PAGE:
Wednesday, March 29, 2023
Temple Law School and the University of Wisconsin Law School will host a workshop April 21, 2023 at Temple (Philadelphia) focusing on recent changes in Contracts pedagogy and law: (i) the effect of the last few years on the delivery of Contracts teaching materials (e.g., what is the role of the Contracts casebook?); and (ii) how, in early hindsight, have our predictions about COVID and Contract doctrine, documented in a 2021 issue of Law and Contemporary Problems, played out?
Anticipated speakers/participants will include Ed Cheng (Vanderbilt), Sarah Dadush (Rutgers), Pamela Foohey (Cardozo), Bob Hillman (Cornell), Dave Hoffman (Penn), Marissa Jackson (Richmond), Kish Parella (W&L), Dylan Penningroth (Berkeley), Mitra Sharafi (Wisconsin), Andrew Schwartz (Colorado), Gordon Smith (BYU) and Rip Verkerke (UVA), among others.
The COVID-19 pandemic taught us a great deal about the role and teaching of Contracts. Many feared widespread breach and litigation; others worried about how to teach the law of promising (and breach) through a flat screen. Some of us worried about both.
With memories still fresh, we wanted to gather those who participated in those discussions, and to welcome newcomers, to assess what we thought in the moment, and where we think COVID’s lingering effects will take Contracts scholarship and teaching.
On the educational side, we have learned that we can do many (but not all) things virtually or remotely. The pandemic appears, for example, to have accelerated a trend toward the disaggregation of educational content in general. Now, we use (consciously or not) videos, podcasts, YouTube clips and other online content to supply or supplement content for Contracts class. Indeed, there are now free and freemium materials from which one could teach an entire Contracts course. And, given increased focus on racial injustice as it manifests in various legal and social systems, many who teach Contracts seek to reckon more deliberately with the legacy of structural racism and inequality.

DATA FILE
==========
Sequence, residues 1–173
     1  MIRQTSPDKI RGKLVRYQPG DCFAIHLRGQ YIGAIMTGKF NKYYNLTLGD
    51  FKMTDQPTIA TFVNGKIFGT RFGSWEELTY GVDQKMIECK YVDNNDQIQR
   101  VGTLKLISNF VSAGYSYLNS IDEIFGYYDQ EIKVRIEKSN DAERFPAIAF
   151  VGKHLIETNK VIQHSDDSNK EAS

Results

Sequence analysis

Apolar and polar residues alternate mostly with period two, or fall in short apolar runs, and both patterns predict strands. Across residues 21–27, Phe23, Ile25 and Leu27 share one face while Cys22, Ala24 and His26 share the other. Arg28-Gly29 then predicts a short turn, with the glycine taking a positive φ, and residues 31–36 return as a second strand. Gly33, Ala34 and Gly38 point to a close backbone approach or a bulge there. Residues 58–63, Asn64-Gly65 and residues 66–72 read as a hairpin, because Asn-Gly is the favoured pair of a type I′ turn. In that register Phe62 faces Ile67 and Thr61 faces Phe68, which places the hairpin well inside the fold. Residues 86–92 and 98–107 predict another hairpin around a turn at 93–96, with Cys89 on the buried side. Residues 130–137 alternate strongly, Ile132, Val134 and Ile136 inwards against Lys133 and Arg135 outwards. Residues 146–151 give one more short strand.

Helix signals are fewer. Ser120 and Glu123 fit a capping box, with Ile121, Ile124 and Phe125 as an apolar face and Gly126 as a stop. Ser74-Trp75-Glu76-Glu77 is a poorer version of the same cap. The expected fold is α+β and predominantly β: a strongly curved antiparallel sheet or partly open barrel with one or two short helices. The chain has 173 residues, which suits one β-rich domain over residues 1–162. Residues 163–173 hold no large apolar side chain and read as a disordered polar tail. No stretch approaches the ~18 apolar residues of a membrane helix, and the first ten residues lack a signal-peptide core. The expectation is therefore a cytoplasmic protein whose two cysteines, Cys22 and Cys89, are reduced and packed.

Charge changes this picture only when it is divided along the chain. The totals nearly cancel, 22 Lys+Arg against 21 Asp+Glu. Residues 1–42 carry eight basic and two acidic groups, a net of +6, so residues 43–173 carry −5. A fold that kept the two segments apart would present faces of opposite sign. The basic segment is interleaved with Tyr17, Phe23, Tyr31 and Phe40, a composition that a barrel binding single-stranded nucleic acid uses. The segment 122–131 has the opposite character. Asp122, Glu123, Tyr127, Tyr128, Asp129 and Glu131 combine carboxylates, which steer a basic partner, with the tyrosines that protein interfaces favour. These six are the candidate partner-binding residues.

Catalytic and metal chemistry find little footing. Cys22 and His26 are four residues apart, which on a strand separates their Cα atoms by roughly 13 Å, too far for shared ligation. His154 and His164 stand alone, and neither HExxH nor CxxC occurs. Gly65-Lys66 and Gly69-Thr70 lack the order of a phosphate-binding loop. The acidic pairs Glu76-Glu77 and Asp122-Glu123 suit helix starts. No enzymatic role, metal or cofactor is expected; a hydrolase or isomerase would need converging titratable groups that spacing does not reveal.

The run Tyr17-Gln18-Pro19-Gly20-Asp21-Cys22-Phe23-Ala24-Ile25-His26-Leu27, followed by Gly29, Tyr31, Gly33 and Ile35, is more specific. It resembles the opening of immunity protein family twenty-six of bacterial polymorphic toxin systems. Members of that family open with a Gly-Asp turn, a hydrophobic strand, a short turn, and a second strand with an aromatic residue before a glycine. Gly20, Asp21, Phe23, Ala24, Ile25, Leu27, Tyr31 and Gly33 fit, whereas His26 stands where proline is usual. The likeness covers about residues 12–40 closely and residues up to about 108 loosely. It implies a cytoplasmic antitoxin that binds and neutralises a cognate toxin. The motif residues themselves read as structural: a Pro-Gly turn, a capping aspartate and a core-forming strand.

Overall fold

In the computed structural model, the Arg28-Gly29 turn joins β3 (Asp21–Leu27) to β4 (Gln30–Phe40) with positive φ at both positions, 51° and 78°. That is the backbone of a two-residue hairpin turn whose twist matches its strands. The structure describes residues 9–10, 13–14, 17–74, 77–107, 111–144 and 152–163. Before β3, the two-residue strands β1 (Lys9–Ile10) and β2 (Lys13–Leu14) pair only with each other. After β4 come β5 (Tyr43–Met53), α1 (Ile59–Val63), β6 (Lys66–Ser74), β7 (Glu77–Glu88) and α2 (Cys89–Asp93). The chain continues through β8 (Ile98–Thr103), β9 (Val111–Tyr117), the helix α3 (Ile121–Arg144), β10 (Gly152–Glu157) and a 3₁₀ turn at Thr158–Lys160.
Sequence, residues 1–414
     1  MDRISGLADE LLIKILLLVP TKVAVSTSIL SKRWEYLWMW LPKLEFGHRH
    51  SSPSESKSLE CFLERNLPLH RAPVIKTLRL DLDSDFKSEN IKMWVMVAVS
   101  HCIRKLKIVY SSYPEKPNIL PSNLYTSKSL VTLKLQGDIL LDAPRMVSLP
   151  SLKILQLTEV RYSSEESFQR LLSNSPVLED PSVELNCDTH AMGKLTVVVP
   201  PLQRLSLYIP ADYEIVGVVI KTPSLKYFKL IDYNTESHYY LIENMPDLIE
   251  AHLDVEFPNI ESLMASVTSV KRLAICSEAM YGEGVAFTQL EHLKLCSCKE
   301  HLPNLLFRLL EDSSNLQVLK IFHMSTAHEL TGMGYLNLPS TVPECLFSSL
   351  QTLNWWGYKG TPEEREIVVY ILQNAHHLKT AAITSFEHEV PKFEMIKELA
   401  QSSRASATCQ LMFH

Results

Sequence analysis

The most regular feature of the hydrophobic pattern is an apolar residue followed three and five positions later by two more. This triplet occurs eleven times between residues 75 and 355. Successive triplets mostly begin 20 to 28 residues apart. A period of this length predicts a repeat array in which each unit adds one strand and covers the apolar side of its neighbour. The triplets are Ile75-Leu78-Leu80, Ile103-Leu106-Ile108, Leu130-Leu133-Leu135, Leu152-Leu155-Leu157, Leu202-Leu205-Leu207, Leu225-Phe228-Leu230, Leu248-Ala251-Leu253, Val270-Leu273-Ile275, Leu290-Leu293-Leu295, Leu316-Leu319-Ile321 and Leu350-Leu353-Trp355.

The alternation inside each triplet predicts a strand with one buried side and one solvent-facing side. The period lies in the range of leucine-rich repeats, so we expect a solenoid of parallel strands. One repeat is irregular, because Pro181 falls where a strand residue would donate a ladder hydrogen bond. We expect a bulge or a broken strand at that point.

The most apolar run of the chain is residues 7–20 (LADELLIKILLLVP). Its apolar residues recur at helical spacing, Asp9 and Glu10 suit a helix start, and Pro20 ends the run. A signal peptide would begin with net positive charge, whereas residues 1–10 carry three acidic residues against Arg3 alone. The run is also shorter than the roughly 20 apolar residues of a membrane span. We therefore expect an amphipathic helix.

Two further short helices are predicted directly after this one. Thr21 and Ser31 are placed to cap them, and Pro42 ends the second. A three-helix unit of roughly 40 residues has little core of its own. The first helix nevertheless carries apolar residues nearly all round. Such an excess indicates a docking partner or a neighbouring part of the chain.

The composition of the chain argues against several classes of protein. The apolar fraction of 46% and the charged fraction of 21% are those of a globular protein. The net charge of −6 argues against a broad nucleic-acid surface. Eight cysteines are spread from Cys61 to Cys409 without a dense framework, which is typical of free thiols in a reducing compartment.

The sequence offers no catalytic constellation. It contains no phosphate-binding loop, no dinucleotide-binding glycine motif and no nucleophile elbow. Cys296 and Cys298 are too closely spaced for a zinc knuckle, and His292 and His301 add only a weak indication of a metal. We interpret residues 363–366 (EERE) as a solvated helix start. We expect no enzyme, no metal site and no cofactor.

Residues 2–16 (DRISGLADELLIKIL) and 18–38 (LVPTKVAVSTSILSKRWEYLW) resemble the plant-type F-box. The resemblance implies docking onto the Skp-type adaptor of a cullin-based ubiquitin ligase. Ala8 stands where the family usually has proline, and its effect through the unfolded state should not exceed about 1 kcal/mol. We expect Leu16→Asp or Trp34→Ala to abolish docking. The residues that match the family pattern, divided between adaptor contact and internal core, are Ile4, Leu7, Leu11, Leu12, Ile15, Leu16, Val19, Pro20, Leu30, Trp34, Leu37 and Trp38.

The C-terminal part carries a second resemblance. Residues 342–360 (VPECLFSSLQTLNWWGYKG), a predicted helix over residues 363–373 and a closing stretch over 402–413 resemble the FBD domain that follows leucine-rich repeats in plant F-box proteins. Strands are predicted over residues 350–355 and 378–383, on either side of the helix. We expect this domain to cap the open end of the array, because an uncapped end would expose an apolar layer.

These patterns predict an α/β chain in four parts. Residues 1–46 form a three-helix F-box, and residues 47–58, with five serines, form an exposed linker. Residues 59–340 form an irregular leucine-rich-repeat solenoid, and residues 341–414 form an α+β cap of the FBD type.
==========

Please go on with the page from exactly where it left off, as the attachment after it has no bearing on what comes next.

On the theory/doctrine/practice side, it appears that many of our worst systemic fears about COVID were not realized. While there was (and remains) plenty of litigation, the vast majority of problems appear to have been resolved consensually, whether through standstills or workouts or the like. Yet, some of those resolutions were better than others. Many front-line workers (here and abroad) may have been left with the very short end of the stick, for example.
For those of you who may have participated in the Contract and COVID (K-COVID) workshops hosted by Temple (or contributed to the resulting symposium issue of Law and Contemporary Problems, Contract in Crisis), this will be an opportunity to discuss developments since then. We also welcome and encourage new or aspiring Contracts teachers (and those who may be new to these issues) to join us.
This will be a continuation of the Kidwell Lecture, which has historically been held every year or so at Wisconsin, named in honor of Professor John Kidwell. Speakers including Lisa Bernstein, Cathy Hwang and (most recently) Rachel Rebouché have presented Contracts scholarship in the “law in action” tradition (or critiquing it).